I don’t know if you have followed the flap in the media this week regarding the comments made on the ABC show “The View” about Vice President Mike Pence.  Former White House staffer Omarosa Manigault Newman said that the most dangerous person, the one that we should really be afraid of, is the Vice President.    She said that he not only talks to Jesus, but Pence also says things because he believes that Jesus talks to him and tells him to say them.

Joy Behar then said, “It’s one thing to talk to Jesus.  It’s another thing when Jesus talks to you…that’s called mental illness.”  John 10 makes it pretty clear that there is a division between those who will hear Jesus’ voice and those who won’t.  Those who don’t are not a part of His flock.  The group of Jews around Jesus had been arguing with Him and they said, “If you are the Christ, tell us plainly.”  He answered, “I told you, and you do not believe.  You don’t believe because you aren’t a part of My flock.”

In John 15:18-23 Jesus went on to warn His followers that ‘the world’ was going to hate them.  They hated Him, they were going to hate them.  The same thing applies to us.  The same spirit of the world is here today.  It drives the media, politics, and just about everything around us.  And it hates Jesus and it hates followers of Jesus.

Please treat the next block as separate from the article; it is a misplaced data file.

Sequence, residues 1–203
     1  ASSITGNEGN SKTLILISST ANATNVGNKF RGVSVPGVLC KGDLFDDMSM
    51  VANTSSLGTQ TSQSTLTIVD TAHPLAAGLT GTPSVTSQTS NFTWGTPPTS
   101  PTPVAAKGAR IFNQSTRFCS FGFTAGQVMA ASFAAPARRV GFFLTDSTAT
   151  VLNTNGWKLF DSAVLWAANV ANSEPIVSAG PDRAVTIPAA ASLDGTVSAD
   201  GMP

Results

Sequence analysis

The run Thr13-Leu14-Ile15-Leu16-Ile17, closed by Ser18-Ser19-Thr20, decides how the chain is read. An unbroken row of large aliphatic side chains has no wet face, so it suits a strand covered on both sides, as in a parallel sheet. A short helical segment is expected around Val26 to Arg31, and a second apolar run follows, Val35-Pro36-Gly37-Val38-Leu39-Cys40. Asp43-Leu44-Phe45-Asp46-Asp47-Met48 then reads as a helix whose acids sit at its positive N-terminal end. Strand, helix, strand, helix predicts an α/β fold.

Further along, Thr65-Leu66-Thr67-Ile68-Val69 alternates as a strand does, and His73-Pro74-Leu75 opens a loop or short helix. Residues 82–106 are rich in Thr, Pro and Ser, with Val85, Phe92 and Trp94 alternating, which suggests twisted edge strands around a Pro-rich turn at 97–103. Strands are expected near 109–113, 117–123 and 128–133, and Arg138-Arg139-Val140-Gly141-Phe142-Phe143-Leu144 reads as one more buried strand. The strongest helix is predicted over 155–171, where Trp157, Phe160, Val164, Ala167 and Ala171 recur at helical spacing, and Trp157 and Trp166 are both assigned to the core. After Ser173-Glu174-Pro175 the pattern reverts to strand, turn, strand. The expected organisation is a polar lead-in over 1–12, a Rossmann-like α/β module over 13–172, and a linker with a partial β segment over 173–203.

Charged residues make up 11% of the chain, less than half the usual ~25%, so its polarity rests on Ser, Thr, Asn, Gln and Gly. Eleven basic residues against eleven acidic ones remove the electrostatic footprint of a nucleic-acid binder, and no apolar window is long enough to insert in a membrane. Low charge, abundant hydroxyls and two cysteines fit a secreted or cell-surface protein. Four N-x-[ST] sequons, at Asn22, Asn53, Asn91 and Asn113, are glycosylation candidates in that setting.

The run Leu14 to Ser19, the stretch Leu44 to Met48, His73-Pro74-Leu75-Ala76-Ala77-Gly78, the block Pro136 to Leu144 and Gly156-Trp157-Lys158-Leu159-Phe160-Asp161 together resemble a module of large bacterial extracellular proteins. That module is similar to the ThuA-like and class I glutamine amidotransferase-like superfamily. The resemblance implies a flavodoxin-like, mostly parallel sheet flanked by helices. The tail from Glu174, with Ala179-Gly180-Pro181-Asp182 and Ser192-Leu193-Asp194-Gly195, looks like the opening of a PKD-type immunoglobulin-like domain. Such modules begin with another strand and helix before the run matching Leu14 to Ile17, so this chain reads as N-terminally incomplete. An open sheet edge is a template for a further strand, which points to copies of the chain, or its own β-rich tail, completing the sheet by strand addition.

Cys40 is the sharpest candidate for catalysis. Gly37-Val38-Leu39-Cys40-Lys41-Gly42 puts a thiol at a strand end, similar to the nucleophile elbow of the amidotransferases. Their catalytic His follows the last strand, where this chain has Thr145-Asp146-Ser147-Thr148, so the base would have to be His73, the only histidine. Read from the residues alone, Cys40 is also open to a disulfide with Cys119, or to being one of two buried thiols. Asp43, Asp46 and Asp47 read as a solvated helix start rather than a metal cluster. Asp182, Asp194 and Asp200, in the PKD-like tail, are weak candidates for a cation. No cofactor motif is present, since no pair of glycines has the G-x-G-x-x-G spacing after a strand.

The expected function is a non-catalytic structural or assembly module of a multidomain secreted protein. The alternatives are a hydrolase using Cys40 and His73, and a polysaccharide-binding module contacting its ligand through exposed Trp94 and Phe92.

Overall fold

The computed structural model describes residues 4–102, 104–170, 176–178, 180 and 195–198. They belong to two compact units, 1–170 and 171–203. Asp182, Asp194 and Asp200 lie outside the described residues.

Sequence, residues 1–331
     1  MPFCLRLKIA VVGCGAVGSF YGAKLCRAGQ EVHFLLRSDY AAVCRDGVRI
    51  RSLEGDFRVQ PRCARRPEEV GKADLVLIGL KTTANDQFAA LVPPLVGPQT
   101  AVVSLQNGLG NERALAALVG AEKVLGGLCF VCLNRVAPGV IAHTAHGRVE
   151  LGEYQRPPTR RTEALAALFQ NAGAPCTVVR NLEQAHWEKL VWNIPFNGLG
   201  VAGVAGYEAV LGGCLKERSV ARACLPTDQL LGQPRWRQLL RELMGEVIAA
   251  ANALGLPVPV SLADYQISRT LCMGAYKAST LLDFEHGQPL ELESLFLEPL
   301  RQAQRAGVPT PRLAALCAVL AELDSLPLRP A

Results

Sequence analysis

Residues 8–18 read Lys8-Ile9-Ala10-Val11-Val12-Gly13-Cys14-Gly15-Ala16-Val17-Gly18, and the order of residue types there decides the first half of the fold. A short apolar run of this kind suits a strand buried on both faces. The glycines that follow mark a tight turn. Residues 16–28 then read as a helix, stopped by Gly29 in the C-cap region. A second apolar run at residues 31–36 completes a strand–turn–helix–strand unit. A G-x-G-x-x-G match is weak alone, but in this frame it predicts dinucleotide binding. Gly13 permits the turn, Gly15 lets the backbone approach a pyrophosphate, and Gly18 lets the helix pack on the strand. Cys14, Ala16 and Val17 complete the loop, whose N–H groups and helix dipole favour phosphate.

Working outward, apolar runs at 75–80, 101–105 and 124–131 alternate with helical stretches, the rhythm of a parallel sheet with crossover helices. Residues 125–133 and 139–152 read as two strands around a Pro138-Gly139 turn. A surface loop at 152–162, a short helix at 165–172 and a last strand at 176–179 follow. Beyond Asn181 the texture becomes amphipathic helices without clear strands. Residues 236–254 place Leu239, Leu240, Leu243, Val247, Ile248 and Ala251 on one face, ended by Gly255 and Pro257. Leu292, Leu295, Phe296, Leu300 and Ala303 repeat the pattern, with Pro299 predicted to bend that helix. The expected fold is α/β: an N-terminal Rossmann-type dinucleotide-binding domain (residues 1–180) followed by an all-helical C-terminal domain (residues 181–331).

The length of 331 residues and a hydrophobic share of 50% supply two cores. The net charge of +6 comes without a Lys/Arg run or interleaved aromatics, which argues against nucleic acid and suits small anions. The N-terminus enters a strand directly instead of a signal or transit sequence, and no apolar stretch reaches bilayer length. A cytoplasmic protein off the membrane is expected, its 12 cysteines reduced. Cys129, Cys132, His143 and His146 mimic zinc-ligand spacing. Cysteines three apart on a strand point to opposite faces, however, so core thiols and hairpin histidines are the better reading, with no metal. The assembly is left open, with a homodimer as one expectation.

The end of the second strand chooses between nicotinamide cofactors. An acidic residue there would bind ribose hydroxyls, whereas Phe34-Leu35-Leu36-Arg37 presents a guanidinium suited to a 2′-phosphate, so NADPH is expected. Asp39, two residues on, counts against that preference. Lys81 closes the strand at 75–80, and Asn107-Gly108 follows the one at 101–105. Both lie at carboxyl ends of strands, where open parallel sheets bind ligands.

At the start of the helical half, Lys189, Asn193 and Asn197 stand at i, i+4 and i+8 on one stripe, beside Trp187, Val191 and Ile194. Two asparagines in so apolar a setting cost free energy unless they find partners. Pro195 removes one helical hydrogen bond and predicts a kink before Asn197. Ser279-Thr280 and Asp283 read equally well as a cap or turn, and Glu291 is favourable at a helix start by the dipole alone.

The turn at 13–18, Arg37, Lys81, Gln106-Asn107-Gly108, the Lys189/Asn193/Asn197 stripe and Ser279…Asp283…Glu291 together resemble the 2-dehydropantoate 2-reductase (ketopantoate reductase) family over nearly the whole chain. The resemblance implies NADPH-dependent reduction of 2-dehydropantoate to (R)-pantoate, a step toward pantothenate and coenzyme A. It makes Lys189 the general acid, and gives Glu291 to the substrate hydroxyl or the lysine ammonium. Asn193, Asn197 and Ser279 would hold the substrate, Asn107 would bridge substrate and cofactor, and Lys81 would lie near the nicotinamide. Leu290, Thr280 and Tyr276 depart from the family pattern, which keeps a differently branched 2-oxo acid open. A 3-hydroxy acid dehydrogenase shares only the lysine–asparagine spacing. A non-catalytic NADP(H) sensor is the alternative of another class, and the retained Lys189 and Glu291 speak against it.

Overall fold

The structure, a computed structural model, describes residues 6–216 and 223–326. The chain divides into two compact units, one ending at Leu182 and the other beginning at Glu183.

And for sure, if we start talking about hearing Jesus talking to us, they aren’t going to get it.  Not even most believers get it.  I’m not even I understand His voice most days.  The voice of Jesus is one of the most wonderful, most precious and most confusing things in my Christian life.  If I were to start my sentences with things like, “Jesus told me to give you this money,” or “Jesus told me to quit my job, so I’m quitting,” the words ‘mentally ill’ would soon trail behind me as well.

I like what JD Greear writes in his book, Jesus Continued: “Such experiences (like God throwing us a curveball, or God moving in our spirit is not on the time table we thought it was) should teach us to hold our perception of what the Holy Spirit is ‘telling us’ loosely,” on pg. 166.  I can sense that God is telling me something, or leading me to make certain decisions, or pressing something on my heart.  All of these have happened to me in varying degrees of intensity.

There are times when I know from the Holy Spirit pressing inside of me that I need to say with boldness that it wasn’t just a coincidence that I knew to give somebody something specific, or to call at the right time, etc. but that God led me to do it.  To tell that to a nonChristian at work takes a risk.  And there are times when I know that God is speaking that I can’t deny that it could be Him and I need to act on it.